WEDNESDAY, OCTOBER 17, 7 pm. $5/$3 members, students with ID free.
(Note date changed from Saturday 20th)
Matt Slaby is a photographer based in Denver, Colorado and a founding member of LUCEO Images. He is “particularly passionate about making the unique and multidimensional culture of his home in the western United States accessible to a broader audience.” A selection of his clients includes U.S. News & World Report, Time, Newsweek, The Wall Street Journal, Smithsonian Magazine, Mother Jones, The Bureau of Land Management, Audubon Magazine, National Public Radio, Days Japan, The National Interagency Fire Center, The Department of Defense Military Health System, BD, Discovery Communications, and Human Rights Campaign.
To see more of Matt Slaby’s work visit http://luceoimages.com/photographers/matt-slaby/
For more than 16 years he has been an adjunct instructor of photojournalism at the University of Colorado at Boulder. He has extensive international journalism training experience having taught photojournalism workshops in Argentina, Chile, the Falkland Islands and most recently in Myanmar. In 2008 he received the Robin F. Garland Education award, given by the National Press Photographers Association in honor of achievement in photojournalism education.
Kevin Moloney’s students are winners of World Press, POYi, Best of Photojournalism, Hearst, and CPOY competitions. They have been listed on PDN magazine’s 30 Emerging Photographers lists, and winners of Alicia Patterson, Getty, W. Eugene Smith, Inge Morath and Aftermath Project grants.
CPAC is pleased to present concurrent exhibitions of Matt Slaby’s Last Good Kiss: A Lovesong to the American West and Matt Eich’s Sin and Salvation in Baptist Town.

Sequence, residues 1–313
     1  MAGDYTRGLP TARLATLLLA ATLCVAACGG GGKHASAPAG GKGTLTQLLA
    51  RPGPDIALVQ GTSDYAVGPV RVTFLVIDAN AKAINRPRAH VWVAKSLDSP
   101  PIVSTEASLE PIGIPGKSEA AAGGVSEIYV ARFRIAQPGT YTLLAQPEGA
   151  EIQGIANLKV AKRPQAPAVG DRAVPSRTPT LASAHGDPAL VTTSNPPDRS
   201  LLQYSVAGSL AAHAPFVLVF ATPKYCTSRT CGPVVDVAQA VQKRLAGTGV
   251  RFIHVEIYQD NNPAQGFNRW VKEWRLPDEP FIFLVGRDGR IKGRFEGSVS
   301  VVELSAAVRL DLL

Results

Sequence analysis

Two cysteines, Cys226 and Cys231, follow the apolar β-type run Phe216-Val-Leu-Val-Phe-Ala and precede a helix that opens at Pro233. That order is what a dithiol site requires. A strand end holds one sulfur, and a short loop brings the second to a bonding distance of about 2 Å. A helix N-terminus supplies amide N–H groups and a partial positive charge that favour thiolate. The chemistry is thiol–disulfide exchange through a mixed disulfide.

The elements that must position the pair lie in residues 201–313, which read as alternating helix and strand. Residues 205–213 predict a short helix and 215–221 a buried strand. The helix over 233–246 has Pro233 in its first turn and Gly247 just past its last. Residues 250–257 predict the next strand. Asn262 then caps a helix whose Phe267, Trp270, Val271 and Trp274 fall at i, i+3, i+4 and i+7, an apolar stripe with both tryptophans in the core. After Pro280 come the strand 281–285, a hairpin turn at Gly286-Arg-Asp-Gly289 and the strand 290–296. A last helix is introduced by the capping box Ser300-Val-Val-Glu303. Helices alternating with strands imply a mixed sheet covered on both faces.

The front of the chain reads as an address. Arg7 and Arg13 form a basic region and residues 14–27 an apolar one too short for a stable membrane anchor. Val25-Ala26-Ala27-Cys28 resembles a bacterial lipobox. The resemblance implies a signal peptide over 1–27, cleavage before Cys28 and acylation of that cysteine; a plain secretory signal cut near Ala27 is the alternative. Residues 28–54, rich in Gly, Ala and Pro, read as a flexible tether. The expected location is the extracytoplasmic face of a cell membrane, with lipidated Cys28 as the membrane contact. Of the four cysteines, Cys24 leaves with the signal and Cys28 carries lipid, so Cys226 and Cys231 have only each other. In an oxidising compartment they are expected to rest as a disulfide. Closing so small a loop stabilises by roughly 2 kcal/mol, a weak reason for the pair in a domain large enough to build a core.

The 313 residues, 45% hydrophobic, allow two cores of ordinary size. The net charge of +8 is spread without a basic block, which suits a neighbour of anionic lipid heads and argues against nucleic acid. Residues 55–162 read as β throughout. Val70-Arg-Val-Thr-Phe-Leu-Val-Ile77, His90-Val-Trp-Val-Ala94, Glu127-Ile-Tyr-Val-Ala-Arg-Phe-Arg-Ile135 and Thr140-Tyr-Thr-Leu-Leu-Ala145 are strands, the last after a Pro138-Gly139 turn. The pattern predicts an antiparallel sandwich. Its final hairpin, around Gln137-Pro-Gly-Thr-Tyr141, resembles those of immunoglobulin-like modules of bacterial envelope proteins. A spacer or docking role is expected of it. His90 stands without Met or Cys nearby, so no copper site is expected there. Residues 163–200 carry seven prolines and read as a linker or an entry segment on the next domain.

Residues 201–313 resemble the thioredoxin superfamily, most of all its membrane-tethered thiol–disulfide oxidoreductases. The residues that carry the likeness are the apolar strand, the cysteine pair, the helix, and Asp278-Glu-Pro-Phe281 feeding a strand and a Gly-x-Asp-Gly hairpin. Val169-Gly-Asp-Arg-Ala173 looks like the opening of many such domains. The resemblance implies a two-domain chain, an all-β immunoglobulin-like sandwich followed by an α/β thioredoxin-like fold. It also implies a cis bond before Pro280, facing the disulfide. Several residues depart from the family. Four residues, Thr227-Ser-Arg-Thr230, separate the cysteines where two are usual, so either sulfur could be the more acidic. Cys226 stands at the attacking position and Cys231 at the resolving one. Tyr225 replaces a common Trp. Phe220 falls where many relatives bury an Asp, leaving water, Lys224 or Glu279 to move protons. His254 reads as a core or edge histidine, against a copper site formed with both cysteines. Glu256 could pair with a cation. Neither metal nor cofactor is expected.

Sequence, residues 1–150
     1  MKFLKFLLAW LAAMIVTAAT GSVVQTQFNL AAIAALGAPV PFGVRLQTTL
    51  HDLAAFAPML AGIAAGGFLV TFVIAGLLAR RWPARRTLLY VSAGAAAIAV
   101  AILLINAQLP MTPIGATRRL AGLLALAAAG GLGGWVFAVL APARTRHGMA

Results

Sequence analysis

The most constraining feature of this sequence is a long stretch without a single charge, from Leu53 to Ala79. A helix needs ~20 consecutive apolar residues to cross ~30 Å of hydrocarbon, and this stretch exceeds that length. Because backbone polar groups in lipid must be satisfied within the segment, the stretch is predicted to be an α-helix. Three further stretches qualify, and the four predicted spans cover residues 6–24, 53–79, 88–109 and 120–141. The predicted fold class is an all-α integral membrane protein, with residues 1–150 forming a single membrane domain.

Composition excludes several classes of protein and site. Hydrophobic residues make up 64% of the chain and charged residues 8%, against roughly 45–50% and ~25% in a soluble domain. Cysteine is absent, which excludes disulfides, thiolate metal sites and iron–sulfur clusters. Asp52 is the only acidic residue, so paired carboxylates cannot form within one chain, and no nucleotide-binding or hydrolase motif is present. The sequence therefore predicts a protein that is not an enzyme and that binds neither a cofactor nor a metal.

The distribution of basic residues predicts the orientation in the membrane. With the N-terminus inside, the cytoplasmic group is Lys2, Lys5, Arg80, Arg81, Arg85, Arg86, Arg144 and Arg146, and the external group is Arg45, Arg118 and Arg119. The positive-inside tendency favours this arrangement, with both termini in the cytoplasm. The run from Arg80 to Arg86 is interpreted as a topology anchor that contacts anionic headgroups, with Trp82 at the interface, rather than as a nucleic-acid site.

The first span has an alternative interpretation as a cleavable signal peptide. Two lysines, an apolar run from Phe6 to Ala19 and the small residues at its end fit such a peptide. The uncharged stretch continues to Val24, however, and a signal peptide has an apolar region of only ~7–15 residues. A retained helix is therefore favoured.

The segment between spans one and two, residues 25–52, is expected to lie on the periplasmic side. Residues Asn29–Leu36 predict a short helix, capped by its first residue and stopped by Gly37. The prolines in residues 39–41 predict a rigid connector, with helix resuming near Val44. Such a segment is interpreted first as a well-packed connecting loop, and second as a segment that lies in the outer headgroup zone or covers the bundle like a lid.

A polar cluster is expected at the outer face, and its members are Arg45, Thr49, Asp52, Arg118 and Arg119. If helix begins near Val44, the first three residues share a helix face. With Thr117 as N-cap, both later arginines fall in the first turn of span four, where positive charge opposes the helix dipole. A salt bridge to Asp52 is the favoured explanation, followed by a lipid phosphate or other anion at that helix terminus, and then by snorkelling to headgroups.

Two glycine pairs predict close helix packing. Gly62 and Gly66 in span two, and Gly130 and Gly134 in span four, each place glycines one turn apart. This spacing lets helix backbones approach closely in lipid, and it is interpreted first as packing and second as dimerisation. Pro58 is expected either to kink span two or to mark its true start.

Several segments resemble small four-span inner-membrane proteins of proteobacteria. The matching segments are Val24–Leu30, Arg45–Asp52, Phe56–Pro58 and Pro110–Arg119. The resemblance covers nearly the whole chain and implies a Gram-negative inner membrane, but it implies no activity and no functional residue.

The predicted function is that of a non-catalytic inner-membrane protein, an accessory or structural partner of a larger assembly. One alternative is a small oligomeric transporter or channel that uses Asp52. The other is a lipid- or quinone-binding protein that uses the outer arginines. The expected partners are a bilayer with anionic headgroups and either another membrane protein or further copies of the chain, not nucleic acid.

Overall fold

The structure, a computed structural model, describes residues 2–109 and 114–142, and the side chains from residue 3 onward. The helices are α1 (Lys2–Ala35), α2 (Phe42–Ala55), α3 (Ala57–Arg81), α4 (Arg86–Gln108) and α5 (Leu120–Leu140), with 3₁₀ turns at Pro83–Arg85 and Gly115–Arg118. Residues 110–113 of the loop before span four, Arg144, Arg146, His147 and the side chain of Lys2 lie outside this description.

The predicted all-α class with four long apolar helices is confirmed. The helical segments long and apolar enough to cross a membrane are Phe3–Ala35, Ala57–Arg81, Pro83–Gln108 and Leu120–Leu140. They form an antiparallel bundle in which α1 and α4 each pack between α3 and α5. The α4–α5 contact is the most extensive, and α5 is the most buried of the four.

The iconography of the American West is undeniably storied and plentiful, populated with legends and propagated by stereotypes. But there is a little myth left in the day to day. Matt Slaby is a photographer based in Denver, Colorado. Last Good Kiss romances the familiar, fusing modern realities with pastoral ideals.
A 4 hour assignment from AARP evolved into a multi year personal project for photographer Matt Eich. In Baptist Town – one of the oldest African-American neighborhoods in Greenwood, Mississippi – the legacies of racism and segregation have manifested in an ongoing struggle with poverty, drugs and gang violence. Matt Eich is based in Norfolk, Virginia. His series is an intimate and unguarded view of heartbreak and resilience.
These two bodies of work explore the generative properties of place, arguing that we are more than where we are from. At the same time they seem to suggest that senses of belonging – to a community or to an open road – will remain indelibly mapped just beneath the skin.
Matt Eich: Sin and Salvation in Baptist Town
Eich writes: “In a place like Baptist Town, Mississippi there are two paths you can take in life but the people I have encountered there tread the line between the two, walking both in the light and in shadow. They are neither good nor evil, they are simply human… While many of us would like to believe that we live in a post-racial society it is hard to imagine a place like Baptist Town without the South’s troubled history of segregation. In a city where 50.9% of the black residents live below the poverty line, my goal is to remind people that the real legacies of racism in the South continue to impact people economically and culturally, in persistent and often pernicious ways.”
Matt Eich is a freelance photographer and founding member of LUCEO Images. His clients include National Geographic, GQ, Esquire, Newsweek, Mother Jones, TIME, Harper’s, The FADER, Smithsonian, More, New York Magazine, Businessweek, US News & World Report, The Wall Street Journal, Apple and others. Matt and his family are currently based in Norfolk, Virginia.
Matt Slaby: The Last Good Kiss: A Lovesong to the American West
Slaby writes: “…the west has always been a work in progress, an idea that has served to capture the imagination with the promise of things to come.
Viewed through this lens, the west is not really a place at all; it is a string of ideas connecting people to the place they live. Through these ideas, one is afforded the opportunity to capture the moments where myth meets reality. It is at this point that I believe one can see the intersection of the ephemeral idea of the West and the fantastic, improbable, and beautiful things that are born from it. Looked at from the this perspective, Hugo’s ‘last good kiss’ is not the sad memory of a lover departed, but the uplifting and familiar embrace of a living and lifelong partner whose last kiss has yet to come.”